The Reply, Habakkuk 1:5-11

Civil War” by Jason Werner
5 “Look among the nations, and see;
wonder and be astounded.
For I am doing a work in your days
that you would not believe if told.
6 For behold, I am raising up the Chaldeans,
that bitter and hasty nation,
who march through the breadth of the earth,
to seize dwellings not their own.
7 They are dreaded and fearsome;
their justice and dignity go forth from themselves.
8 Their horses are swifter than leopards,
more fierce than the evening wolves;
their horsemen press proudly on.
Their horsemen come from afar;
they fly like an eagle swift to devour.
9 They all come for violence,
all their faces forward.
They gather captives like sand.
10 At kings they scoff,
and at rulers they laugh.
They laugh at every fortress,
for they pile up earth and take it.
11 Then they sweep by like the wind and go on,
guilty men, whose own might is their god!”

The Lord replies with four imperatives in verse 5 – did you catch that? The repetitive nature of His response is a literary clue for us to pay attention. Look! See! Wonder! Be Astounded! I am already working and have not been silent like you have accused me of. I haven’t been sitting idly by watching the affairs of men – I am actively working. Habakkuk, I have been listening. Not only to you, but to the laments of my people and their desire for justice. I am doing something that you won’t believe.

The Lord heard Habakkuk’s lament for deliverance from the violence and injustice, but His reply seems out of character for a righteous God. The Lord is raising up a terrible nation, the Babylonians (also referred to as the Chaldeans), to fulfill His purposes and will somehow salve Habakkuk’s burden.

The Babylonian empire is fierce, historically known for its powerful cavalry and their military prowess. Judah, weakened by years of Assyrian oppression and ruled by corrupt kings, would not have the strength to defend itself against a bitter and hasty nation, whom the Lord describes as:

  • dreaded and fearsome
  • having horses that are swifter than leopards, more fiercer than wolves
  • having horsemen that fly like an eagle swift to devour
  • violent
  • scoffing at kings and rulers
  • laughing at every fortress
  • guilty men, whose own might is their god

How can the most holy, righteous God do this? How can God (who is good) allow or even raise up an evil nation?

Like Habakkuk, we may tend to hyper-focus on the enemies’ description (which, yes, is frightful and intimidating) and begin questioning the goodness of God. But amid the horrible reply, the Lord is actually revealing three aspects of His lordship: He is God of the Gentiles; He is God of a covenant people; and He is God of eternal perspective.

God of the Gentiles

When God works, we must remember He is God of the universe and sovereign creator of all. His work is not limited to just a covenant people; He is moving through all of His creation. We may lose sight of His omnipotence in the chaos in our natural realm, so we must remind ourselves daily that He is the one who has ultimate power because He has given life to all.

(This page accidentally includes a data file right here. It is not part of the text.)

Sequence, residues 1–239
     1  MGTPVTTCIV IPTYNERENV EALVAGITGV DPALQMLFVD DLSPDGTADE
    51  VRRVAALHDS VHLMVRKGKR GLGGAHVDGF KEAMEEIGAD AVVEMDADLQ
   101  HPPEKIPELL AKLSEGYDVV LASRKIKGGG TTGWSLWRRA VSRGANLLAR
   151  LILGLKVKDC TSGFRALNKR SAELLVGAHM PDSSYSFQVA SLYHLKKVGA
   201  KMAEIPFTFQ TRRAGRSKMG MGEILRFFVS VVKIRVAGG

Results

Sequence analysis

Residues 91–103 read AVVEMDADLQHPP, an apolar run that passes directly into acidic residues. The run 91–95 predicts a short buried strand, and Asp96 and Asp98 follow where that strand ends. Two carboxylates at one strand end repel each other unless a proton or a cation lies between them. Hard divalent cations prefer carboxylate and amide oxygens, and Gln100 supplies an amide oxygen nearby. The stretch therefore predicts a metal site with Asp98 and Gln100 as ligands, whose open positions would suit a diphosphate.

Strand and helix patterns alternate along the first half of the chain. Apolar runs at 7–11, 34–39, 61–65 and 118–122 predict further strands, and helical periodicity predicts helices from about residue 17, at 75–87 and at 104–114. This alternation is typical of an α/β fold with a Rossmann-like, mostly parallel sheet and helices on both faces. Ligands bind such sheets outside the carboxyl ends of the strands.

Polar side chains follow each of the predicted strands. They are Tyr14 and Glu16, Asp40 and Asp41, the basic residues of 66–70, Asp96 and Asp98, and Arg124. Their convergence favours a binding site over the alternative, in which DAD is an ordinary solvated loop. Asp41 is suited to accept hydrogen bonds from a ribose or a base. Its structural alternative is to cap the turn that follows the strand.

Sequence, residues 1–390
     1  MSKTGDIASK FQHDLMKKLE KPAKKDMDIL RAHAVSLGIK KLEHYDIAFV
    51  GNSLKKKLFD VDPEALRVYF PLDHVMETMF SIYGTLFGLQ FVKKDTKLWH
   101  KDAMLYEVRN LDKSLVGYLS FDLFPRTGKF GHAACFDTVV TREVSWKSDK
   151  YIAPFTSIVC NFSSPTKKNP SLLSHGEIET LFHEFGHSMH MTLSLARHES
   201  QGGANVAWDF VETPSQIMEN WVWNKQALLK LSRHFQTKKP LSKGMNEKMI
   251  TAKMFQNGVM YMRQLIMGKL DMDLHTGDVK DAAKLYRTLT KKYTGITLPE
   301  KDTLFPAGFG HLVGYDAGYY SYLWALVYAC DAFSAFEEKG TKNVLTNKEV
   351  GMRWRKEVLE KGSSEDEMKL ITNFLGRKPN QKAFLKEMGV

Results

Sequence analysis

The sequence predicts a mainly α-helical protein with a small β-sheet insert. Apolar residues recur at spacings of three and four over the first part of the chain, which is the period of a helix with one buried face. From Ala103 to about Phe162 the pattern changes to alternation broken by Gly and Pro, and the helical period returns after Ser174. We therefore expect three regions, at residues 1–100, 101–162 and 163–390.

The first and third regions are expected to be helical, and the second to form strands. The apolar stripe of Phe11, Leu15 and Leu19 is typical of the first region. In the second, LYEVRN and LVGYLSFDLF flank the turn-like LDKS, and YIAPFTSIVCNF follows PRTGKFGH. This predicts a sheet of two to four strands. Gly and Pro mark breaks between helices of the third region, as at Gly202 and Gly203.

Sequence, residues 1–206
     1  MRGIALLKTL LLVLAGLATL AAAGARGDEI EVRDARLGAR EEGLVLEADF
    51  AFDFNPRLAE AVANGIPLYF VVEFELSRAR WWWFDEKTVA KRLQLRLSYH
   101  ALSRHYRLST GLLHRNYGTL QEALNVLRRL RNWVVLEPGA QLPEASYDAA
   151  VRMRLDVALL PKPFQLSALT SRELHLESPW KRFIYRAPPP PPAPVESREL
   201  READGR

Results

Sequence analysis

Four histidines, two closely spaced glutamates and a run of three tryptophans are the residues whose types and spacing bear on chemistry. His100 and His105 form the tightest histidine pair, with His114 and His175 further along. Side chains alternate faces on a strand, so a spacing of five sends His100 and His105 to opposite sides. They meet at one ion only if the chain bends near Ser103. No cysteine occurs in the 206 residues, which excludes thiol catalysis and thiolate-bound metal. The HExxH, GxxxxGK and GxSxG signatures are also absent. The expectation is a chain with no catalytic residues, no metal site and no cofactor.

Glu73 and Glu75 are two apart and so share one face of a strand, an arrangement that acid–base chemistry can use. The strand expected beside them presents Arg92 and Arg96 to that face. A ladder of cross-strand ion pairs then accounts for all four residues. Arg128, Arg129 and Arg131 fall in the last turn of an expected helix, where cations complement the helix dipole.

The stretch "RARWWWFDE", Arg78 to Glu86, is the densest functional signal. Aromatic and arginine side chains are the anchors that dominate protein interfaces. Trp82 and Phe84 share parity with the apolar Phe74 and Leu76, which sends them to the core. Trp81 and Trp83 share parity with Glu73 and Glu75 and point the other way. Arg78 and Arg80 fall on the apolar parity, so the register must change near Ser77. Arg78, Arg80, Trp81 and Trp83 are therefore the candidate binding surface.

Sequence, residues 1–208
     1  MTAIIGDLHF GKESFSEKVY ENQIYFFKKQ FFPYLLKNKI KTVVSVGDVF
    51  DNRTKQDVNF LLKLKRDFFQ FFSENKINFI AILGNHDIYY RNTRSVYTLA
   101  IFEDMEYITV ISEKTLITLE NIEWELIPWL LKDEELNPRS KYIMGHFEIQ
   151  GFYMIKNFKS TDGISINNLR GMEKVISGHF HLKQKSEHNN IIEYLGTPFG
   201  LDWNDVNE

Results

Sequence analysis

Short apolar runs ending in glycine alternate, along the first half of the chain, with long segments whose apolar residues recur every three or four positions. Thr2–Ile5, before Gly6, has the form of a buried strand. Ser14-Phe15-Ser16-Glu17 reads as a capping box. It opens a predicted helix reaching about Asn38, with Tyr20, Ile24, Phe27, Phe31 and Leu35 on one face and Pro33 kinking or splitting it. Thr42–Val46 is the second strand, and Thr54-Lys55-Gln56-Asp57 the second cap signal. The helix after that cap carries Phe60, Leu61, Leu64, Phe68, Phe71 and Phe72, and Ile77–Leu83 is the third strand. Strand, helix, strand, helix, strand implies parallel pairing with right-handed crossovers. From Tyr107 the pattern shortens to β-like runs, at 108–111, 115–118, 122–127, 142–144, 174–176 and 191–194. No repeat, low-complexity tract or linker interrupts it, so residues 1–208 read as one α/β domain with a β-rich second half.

The heavens are yours; the earth also is yours; the world and all that is in it, you have founded them. Psalm 89:11
The king’s heart is a stream of water in the hand of the LORD; he turns it wherever he will. Proverbs 21:1

God does not limit Himself to the work of covenant kings and people – He is proving that in His reply to Habakkuk. He is raising up a Gentile nation to be a chosen instrument in the divine plan. The Lord uses unbelievers for His purpose to glorify His kingship.

And I will harden Pharaoh's heart, and multiply My signs and My wonders in the land of Egypt. Exodus 7:3
And He changes the times and the seasons; He removes kings and raises up kings; He gives wisdom to the wise and knowledge to those who have understanding. Daniel 2:21
Thus says the LORD to His anointed, to Cyrus, whose right hand I have held--to subdue nations before him and loose the armor of kings, to open before him the double doors, so that the gates will not be shut. Isaiah 45:1

God of a covenant people

God never stops being God to His covenant people; even when His people are unfaithful He is there pulling them back into grace and His love. He never stops being God in the midst of chaos and uncertainty (which we often cause ourselves).

Our understanding his purposes in a particular providence tends to be not as important to God as our trust in his character.

Jon Bloom

Israel means “one who wrestles with God” and it accurately describes not only ancient believers, but modern Christians as well. Wrestling with God is part of our spiritual journey and is how God “proves” Himself the faithful, patient provider (as if He has anything to prove to us!).

When faced with hopeless and/or painful moments, we may feel like our faith is worthless and we enter into the wrestle of faith. We call out to God and wrestle between the pull of hopelessness and the truth that God loves us and will never leave us. We hold tight to God, locked in a search for answers and/or blessing. All of our struggles, pain, and anxiety are brought to the forefront and confronted in the presence of God. God allows us to wrestle with our faith because in the end He uses the sparring match for our own comfort and peace. Like Jacob in a tight embrace with the angel, we wrestle with God to find rest in the promises of the covenant.